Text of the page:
Feature

By Laura Gelder

Gender is currently a hot topic and every industry has to question its commitment to equality. Is the onboard hospitality ready for scrutiny? Laura Gelder takes a look

From fourth wave feminism and the ‘Me too’ movement to the fierce debate over transgender rights, gender has moved up the agenda and it is clear many women still don’t feel their needs are taken as seriously as men’s.

At a less extreme level, many people are simply asking if companies, including travel providers, are catering to women’s specific needs. Kaelis’ chief marketing officer Fernanda Veiga thinks not and believes the addition of sanitary products in aircraft toilets and lounges should be a first step. She says: “We find razors and shaving cream everywhere so why not tampons and female pads especially as menstrual cycles can become irregular when travelling.”

Veiga cites research from the Global Business Travel Association and WWStay which shows nearly 40% of business travellers based in the US are women and asks: “Everybody is talking about women’s empowerment but what has the travel industry done to empower women business travellers? What could we do that would make women feel more comfortable when flying?”
Her own suggestions include amenity kits with make-up remover tissues so women, who often board wearing makeup, can remove it and then make use of the lotions they are offered in the kits.

Aside from functional needs which aren’t being met, Veiga touches on the issue of sexism and style. She says: “Female pilots are still forced to wear the male pilot uniform, including a tie.” And then there’s the wide expectation that female flight attendants will wear heels and make-up at work, unlike their male counterparts.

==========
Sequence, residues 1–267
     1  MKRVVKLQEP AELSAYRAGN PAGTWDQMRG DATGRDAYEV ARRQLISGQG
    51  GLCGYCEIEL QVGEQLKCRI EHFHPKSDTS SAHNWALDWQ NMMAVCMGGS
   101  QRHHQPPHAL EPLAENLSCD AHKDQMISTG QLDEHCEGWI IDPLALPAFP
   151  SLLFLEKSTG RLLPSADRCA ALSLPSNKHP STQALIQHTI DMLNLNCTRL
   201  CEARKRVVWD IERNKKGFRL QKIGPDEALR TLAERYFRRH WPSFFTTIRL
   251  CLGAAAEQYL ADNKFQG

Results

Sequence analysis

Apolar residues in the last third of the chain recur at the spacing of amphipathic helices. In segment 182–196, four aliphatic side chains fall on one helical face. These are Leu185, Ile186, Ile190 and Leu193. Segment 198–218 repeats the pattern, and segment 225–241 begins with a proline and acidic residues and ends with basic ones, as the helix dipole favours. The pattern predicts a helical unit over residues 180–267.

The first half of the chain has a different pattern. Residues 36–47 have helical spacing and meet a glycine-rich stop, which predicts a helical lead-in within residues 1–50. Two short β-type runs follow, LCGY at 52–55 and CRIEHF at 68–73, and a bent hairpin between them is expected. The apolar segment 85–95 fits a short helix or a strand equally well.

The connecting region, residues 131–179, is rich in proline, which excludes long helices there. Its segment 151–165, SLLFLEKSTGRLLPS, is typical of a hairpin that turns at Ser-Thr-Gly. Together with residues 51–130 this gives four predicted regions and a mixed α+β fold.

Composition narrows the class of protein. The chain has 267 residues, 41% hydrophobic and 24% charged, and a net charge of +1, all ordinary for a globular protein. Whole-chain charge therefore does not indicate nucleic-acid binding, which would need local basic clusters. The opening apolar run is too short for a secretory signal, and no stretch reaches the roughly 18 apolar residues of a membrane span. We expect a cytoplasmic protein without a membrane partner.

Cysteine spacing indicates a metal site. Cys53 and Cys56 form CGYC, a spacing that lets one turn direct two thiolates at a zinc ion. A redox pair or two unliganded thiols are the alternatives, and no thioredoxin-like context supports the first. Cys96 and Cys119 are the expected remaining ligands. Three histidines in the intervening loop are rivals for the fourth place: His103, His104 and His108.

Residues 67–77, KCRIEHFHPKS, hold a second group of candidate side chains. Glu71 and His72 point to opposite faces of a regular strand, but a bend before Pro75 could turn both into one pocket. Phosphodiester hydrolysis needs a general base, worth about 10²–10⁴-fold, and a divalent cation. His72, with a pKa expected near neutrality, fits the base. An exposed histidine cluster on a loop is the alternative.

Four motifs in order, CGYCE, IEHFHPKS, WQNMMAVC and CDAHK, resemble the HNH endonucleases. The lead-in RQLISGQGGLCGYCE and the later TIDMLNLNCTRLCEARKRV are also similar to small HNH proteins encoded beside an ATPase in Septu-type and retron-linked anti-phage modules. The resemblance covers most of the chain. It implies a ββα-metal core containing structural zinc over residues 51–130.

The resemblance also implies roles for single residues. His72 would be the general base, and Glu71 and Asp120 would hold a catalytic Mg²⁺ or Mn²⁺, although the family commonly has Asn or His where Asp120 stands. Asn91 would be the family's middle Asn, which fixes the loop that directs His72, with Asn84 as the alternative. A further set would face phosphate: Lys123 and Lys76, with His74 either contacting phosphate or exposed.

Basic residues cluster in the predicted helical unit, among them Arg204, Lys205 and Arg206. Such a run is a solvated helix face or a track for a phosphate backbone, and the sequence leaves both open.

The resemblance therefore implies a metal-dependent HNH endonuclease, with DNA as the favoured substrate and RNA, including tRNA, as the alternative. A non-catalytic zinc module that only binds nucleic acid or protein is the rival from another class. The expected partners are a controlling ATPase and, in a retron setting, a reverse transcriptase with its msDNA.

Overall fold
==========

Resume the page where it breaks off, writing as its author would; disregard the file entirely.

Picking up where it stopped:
Design and procurement specialist Matrix helps airlines strengthen their brand messaging and reflect market trends. Its 2019 Trend Magazine, cites 2019 as ‘the year of the woman’. It highlights the ‘new woman’ trend showing a new future for femininity, “where the next generation of girls will witness floods of ambitious, diverse women championed for their femininity, complexity and bravery”. A trend within this trend is intersectional feminism – the idea that sexism, racism, homophobia, classism, ageism, and other social inequalities are all connected.

Matrix warns brands not to jump on the feminist bandwagon too hastily though. Reporting: “Gen Z audiences can see through an in-genuine message a mile off and many campaigns come across as patronising. Actions speak louder than words. If you want to use a ‘girl power’ slogan in your next campaign, can you also say you pay your female staff members the same as their male equivalents? If not, the internet might come for you.”

Founder of In Air Travel Experience Anne De Hauw is positive for the future too. “Women will benefit from the hyper-personalisation trend, ensuring they’ll only be approached by relevant, interesting offers,” she says. She sees technology is the enabler, leading to an optimised travel experience: “Time is luxury and anything a travelling women can get done before arrival will be a plus: bespoke (branded) amenities and comfort items, inflight yoga programmes, personalised food experiences with healthy options and digitised shopping experiences with customised special offers for example.”

Quite simply, this issue is gathering momentum. Travel companies have to check they are providing all the items women have access to on the ground, the items they consider essentials.